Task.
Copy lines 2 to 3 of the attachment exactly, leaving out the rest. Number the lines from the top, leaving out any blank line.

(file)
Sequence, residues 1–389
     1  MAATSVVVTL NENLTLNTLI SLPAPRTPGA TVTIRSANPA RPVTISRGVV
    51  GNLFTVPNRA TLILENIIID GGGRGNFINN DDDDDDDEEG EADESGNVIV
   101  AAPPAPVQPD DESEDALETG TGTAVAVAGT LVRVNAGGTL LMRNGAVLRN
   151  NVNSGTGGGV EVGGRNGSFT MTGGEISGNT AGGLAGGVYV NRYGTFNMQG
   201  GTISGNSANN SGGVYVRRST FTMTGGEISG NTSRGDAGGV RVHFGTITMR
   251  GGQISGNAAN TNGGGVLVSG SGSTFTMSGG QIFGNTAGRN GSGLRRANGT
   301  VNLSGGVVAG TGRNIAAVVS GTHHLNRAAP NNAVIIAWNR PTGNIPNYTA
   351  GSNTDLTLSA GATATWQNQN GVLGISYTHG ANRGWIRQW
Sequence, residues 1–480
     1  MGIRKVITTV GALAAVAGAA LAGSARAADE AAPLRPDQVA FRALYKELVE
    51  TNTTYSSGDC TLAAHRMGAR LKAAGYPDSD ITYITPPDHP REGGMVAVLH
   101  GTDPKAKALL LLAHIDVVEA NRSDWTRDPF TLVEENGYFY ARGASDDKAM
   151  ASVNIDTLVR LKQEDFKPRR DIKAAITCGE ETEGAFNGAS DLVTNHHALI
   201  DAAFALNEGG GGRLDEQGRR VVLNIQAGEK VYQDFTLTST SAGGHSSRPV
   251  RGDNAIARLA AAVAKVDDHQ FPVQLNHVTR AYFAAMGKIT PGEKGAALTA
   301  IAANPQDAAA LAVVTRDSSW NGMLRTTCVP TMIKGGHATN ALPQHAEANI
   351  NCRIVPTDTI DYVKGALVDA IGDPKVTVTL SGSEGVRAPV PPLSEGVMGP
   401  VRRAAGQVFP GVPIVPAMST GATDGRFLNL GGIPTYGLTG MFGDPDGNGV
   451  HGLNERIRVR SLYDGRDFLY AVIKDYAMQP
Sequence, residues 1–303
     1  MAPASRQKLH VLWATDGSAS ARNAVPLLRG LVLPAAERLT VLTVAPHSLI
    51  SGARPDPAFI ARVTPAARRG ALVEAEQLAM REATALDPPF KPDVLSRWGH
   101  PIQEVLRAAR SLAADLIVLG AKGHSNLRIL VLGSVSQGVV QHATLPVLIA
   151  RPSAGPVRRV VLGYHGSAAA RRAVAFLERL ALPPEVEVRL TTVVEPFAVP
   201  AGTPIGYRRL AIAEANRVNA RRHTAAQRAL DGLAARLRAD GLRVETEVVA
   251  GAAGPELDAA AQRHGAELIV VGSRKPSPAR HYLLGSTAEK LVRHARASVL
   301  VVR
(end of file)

     1  MAATSVVVTL NENLTLNTLI SLPAPRTPGA TVTIRSANPA RPVTISRGVV
    51  GNLFTVPNRA TLILENIIID GGGRGNFINN DDDDDDDEEG EADESGNVIV